We further conducted stratified analysis on the causal estimates of dairy intake with systolic blood pressure and risk of hypertension by frequency of CC alleles (≤12%, >12%), region or country (northern Europe, southern Europe, US), race (white, other), study design (cross sectional, prospective), and measurement of systolic blood pressure (self reported, clinical). We used metaregression to evaluate effect modification by each study level characteristics. In sensitivity analyses, we applied instrumental variable analysis within each study and combined the instrumental variable estimates through meta-analysis; we repeated our analyses using additive (we assumed 0, 1, and 2 for TT, CT, and CC alleles) and recessive models (CC/CT v TT). We conducted restriction analyses by excluding studies that used proxy SNPs, studies that used LCT-13910 rs4988235 in Hardy-Weinberg disequilibrium, or studies where LCT-13910 rs4988235 was not statistically significantly associated with higher dairy intake.
All meta-analyses were conducted at Harvard TH Chan School of Public Health using Stata version 11.2 (STATA Corp, College Station, TX).
No patients were involved in setting the research question or the outcome measures, nor were they involved in developing plans for design or implementation of the study. No patients were asked to advise on interpretation or writing up of results. There are no plans to disseminate the results of the research to study participants or the relevant patient community.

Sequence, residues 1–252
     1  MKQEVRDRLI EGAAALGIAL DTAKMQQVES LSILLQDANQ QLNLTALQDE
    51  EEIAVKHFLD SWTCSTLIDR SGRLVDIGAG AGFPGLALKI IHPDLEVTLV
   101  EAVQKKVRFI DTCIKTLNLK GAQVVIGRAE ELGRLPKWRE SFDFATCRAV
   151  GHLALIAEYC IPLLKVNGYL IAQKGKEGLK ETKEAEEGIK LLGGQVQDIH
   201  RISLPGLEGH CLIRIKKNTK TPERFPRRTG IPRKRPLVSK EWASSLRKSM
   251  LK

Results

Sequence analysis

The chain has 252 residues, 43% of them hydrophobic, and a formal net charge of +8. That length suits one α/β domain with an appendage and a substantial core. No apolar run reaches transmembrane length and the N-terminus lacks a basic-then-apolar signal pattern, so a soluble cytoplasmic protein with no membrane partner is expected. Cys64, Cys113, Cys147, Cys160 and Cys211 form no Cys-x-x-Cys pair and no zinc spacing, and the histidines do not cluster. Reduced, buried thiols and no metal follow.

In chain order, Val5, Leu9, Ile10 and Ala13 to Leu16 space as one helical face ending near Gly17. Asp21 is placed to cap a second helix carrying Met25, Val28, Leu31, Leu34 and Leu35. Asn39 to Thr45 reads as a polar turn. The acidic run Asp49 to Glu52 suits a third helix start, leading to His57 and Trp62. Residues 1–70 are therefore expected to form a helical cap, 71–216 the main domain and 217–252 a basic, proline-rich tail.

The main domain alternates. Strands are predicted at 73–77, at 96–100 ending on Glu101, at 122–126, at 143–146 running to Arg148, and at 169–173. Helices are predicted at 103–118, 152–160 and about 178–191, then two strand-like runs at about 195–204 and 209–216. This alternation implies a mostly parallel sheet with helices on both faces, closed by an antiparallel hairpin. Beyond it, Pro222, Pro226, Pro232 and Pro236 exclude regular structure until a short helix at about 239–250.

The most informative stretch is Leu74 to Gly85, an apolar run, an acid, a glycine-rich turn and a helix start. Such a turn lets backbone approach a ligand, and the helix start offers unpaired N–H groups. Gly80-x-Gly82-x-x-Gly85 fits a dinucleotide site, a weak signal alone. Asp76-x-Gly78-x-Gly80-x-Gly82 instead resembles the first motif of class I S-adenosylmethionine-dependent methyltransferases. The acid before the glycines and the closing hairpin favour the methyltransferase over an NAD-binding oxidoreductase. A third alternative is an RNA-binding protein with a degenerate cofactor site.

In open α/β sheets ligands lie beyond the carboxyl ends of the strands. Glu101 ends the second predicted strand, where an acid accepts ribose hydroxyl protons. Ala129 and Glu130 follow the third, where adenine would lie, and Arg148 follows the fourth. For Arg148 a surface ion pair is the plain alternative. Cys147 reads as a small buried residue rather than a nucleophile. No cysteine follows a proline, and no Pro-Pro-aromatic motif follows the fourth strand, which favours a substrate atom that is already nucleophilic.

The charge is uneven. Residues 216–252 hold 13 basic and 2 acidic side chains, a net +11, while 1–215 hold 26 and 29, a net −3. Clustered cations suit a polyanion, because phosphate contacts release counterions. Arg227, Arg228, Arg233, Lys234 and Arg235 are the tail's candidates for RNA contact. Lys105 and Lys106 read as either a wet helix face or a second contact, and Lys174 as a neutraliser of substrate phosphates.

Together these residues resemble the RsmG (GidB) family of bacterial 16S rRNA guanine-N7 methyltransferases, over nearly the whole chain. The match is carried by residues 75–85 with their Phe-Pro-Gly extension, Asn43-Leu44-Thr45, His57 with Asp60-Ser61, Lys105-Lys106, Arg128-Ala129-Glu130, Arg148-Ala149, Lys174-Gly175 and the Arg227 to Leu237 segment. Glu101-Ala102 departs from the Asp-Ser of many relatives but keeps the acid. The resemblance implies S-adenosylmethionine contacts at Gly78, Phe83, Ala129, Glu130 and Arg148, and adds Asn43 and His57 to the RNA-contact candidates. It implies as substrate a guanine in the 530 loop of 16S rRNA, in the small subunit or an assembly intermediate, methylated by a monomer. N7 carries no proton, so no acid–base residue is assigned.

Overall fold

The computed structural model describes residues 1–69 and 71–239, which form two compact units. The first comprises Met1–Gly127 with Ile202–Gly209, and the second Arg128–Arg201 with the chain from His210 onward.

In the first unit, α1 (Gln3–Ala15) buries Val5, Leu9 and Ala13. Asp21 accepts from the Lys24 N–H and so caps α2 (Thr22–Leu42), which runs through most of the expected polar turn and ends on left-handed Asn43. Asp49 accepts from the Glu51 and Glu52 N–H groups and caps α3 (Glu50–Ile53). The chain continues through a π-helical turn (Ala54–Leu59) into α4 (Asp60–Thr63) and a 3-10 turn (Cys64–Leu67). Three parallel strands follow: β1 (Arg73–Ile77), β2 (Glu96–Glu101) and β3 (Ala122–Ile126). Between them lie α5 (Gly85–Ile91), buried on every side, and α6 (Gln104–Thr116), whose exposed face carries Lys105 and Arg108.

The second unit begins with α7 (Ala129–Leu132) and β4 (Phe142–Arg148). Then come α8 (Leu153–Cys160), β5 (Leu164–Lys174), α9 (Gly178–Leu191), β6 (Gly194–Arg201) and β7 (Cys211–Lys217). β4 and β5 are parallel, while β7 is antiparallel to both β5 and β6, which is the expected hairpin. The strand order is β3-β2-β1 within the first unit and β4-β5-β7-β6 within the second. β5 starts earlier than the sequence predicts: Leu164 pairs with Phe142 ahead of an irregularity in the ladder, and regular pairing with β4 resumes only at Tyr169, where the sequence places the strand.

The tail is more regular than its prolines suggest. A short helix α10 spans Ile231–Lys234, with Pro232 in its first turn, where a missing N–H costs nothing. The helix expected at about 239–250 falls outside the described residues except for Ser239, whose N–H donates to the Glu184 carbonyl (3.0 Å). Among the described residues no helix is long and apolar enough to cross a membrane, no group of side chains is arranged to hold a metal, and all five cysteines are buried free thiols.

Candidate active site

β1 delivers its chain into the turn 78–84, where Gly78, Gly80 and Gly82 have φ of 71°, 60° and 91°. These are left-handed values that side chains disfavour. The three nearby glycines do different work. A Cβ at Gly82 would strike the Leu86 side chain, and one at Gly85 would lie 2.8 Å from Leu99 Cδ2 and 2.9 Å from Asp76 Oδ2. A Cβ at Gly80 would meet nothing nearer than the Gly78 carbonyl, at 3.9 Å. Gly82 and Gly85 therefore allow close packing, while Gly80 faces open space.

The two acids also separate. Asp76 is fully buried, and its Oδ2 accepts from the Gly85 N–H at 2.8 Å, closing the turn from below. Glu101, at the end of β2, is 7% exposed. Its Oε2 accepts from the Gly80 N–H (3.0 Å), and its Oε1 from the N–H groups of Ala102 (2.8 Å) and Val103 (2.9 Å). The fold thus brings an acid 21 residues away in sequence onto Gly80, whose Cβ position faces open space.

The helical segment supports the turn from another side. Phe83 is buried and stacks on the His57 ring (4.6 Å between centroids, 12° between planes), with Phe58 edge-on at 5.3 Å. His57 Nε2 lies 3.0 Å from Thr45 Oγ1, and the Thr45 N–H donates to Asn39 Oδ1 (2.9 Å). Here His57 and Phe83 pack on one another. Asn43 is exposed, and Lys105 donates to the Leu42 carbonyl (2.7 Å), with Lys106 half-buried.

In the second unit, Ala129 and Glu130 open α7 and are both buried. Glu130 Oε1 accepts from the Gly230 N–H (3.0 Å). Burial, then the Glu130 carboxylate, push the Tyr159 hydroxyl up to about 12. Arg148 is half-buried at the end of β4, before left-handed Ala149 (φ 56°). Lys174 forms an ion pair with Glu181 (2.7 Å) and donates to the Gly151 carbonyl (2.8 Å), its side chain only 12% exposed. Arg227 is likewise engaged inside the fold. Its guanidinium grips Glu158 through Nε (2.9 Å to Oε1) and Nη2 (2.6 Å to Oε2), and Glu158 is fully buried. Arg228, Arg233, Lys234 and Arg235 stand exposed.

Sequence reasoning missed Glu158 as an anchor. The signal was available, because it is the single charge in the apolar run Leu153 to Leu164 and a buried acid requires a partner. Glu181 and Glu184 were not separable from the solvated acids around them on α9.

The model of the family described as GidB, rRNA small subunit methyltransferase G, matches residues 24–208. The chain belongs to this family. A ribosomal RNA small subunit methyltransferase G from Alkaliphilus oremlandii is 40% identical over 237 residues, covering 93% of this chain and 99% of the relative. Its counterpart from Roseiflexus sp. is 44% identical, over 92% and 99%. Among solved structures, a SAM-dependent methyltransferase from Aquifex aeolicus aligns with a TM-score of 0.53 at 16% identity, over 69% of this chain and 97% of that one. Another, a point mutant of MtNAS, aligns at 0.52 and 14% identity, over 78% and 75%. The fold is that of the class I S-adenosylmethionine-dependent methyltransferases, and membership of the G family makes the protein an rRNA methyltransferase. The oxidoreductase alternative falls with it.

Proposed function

We included 22 studies with 171 213 participants from the CHARGE (Cohorts for Heart and Aging Research in Genomic Epidemiology) Consortium. Table 1⇓ shows the baseline characteristics of the studies. Of the 22 studies, nine were conducted in the US, nine in countries in northern Europe, three in countries in southern Europe, and one in Australia. The frequency of CC alleles varied across studies. In most of the studies, participants were white, and dairy intake was assessed prospectively before measuring systolic blood pressure.
By conducting a systematic review, we additionally identified 10 published cohort studies with 26 119 participants and eight randomized clinical trials with 735 participants. Figure 1 in the web appendix shows the flowchart of study selection. The clinical trials examined the effect of dairy intake on systolic blood pressure over one month to 12 months of interventions.2223242526272829 In the cohort studies, seven assessed systolic blood pressure as the outcome56789103031 and five used hypertension as the outcome.530313233 Tables 2 and 3 in the web appendix show the characteristics of the published trials and cohorts.